Though many books have been written on the Battle of Britain since the end of the Second World War, Stephen Bungay's book offers some fresh insights on the Battle.
Using material from both British and German sources, Bungay shows that the Luftwaffe, despite its impressive show of strength from Poland to the defeat of France in June 1940, was not capable of waging a strategic bombing campaign against Britain which could have defeated it. An invasion of Britain could only have succeeded through a concerted effort of the German Army, Navy, and Luftwaffe.
Furthermore, the German leadership was not wholly confident that Germany could defeat Britain. For a short time after France had fallen, it had hoped that Britain would be conciliatory to Germany and sue for peace. But when it became clear that Britain would fight, the Luftwaffe adapted a series of shifting tactics to neutralize and destroy RAF Fighter Command.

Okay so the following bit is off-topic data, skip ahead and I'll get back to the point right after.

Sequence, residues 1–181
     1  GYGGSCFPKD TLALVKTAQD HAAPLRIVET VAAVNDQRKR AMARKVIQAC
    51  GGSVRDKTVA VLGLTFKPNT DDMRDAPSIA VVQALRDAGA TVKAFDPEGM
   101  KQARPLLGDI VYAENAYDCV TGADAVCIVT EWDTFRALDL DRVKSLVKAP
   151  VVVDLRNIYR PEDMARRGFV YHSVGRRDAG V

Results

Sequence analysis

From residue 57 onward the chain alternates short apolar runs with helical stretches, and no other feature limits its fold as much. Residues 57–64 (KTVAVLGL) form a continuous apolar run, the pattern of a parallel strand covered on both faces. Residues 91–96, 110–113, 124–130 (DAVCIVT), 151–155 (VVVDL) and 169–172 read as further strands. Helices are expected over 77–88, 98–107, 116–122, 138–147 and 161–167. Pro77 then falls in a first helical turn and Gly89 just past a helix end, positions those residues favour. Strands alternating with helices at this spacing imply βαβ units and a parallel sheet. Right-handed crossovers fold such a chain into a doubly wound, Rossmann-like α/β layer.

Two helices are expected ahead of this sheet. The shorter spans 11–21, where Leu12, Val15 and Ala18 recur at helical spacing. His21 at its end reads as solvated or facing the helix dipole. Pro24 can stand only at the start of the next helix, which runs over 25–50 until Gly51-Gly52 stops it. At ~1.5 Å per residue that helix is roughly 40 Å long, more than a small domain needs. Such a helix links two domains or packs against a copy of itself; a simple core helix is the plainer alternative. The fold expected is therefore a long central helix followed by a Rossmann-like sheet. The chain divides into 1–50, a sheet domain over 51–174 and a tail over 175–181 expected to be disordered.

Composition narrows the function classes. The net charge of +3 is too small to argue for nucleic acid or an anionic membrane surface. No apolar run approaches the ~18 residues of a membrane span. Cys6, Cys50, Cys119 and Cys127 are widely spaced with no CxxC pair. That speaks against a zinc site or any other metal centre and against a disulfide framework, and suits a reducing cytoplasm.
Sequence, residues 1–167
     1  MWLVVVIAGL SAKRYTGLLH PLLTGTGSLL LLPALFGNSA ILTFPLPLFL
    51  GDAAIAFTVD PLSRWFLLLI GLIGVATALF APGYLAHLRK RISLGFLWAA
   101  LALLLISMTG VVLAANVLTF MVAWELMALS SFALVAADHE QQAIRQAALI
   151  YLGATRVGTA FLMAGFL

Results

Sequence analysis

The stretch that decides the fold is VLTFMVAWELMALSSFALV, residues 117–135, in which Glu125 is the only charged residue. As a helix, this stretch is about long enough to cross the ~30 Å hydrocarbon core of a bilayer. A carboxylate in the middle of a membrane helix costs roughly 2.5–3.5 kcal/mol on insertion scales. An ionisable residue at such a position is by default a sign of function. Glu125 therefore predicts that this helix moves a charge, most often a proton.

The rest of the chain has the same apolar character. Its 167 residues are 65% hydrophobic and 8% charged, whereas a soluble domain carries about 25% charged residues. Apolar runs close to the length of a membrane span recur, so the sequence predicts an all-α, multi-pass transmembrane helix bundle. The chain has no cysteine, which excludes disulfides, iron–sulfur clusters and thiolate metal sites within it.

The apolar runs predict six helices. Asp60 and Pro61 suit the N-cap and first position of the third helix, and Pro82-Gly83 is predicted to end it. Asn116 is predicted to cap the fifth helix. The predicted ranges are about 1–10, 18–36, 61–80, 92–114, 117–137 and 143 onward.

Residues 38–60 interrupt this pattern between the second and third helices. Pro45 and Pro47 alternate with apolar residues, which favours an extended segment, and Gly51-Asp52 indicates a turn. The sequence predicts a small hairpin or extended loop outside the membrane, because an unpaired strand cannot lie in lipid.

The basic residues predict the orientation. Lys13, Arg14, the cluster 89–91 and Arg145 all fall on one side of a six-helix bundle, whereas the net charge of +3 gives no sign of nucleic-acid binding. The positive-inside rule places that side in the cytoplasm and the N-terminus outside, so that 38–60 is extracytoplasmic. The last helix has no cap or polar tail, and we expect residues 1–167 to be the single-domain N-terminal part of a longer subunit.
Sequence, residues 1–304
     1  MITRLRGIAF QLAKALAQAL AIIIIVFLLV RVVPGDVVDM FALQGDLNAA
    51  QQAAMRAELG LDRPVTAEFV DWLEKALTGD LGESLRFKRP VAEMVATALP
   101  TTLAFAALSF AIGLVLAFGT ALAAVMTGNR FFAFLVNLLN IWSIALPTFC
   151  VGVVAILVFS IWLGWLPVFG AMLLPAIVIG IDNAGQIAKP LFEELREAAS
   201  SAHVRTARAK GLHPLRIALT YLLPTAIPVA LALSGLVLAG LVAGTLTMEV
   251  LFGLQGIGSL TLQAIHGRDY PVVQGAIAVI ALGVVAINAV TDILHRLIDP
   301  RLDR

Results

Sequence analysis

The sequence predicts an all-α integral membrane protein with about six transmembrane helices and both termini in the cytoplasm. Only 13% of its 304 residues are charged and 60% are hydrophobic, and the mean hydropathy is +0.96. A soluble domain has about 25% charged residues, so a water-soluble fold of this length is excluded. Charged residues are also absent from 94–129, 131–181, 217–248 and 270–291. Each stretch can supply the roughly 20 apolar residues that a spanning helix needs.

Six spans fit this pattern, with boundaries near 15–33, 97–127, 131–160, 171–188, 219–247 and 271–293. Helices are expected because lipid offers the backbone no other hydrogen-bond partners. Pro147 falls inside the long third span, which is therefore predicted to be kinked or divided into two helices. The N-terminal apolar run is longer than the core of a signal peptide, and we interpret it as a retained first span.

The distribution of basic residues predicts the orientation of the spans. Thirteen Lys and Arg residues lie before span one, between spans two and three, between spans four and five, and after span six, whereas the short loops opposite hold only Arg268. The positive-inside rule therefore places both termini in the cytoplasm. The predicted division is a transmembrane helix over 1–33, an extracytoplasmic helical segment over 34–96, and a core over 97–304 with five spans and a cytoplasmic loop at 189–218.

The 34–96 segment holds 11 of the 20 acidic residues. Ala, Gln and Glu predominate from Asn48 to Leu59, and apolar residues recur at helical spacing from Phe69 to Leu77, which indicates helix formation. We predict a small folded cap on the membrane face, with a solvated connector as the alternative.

First, there were the attacks on shipping in the English Channel and radar stations. Then the Luftwaffe shifted over to attacks on RAF airbases, which, had they been more consistently carried out, might well have "neutered" RAF Fighter Command. Instead, Hitler, in a pique of anger over Britain having dropped bombs on Berlin, set the Luftwaffe to bombing London. This gave RAF Fighter Command the breathing space it needed to rest, refit, and take on the Luftwaffe in larger numbers. (Bungay shows that throughout the Battle, British aircraft production increased significantly relative to German aircraft production.)
Germany, full of hubris in the summer of 1940, made the mistake of underestimating the capacity of the RAF to challenge the Luftwaffe and Britain's will to fight for its survival.
The book is well-written, comprehensive, easy to read, and comes HIGHLY RECOMMENDED.